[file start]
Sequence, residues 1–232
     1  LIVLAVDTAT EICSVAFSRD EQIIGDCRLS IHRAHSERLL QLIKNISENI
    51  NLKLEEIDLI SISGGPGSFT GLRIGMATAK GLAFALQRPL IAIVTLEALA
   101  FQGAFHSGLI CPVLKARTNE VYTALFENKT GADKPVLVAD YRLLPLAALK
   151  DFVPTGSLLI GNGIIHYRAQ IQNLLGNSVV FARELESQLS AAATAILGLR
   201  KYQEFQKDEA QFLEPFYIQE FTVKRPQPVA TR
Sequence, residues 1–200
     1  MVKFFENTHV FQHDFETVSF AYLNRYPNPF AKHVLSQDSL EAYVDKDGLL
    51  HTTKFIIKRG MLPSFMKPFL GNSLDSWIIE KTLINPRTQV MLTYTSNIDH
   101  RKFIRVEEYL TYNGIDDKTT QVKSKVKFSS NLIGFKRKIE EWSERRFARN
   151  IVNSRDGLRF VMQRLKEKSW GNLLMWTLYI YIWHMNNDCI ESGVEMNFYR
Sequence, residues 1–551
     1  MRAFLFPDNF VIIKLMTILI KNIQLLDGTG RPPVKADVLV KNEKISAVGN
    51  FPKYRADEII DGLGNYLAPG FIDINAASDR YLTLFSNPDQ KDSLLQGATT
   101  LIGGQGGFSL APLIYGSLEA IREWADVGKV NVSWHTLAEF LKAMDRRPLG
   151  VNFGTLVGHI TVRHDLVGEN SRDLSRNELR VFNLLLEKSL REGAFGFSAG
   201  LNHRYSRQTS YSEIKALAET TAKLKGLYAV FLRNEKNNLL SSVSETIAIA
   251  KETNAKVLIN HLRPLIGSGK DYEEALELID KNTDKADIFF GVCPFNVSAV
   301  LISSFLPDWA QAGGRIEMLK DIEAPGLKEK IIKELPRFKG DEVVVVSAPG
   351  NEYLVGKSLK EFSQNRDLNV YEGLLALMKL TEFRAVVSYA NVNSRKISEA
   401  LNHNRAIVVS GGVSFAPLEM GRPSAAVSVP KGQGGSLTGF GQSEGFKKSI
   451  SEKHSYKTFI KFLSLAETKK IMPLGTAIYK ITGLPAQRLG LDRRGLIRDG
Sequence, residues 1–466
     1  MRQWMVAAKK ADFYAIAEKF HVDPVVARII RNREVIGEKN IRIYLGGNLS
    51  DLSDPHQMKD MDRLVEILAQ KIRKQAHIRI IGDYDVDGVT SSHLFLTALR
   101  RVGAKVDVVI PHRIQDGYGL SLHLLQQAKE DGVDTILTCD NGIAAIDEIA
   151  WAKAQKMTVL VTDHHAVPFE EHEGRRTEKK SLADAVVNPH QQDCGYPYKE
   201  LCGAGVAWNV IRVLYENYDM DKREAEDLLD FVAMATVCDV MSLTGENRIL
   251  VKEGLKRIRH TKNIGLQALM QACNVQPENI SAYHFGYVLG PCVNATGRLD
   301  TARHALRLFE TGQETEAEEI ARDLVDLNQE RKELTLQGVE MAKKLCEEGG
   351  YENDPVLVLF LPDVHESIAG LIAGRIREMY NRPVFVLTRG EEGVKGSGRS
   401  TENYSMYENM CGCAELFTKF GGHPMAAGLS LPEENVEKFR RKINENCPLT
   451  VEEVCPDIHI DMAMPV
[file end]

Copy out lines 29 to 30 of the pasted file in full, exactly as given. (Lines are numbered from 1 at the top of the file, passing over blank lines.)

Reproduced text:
   251  VKEGLKRIRH TKNIGLQALM QACNVQPENI SAYHFGYVLG PCVNATGRLD
   301  TARHALRLFE TGQETEAEEI ARDLVDLNQE RKELTLQGVE MAKKLCEEGG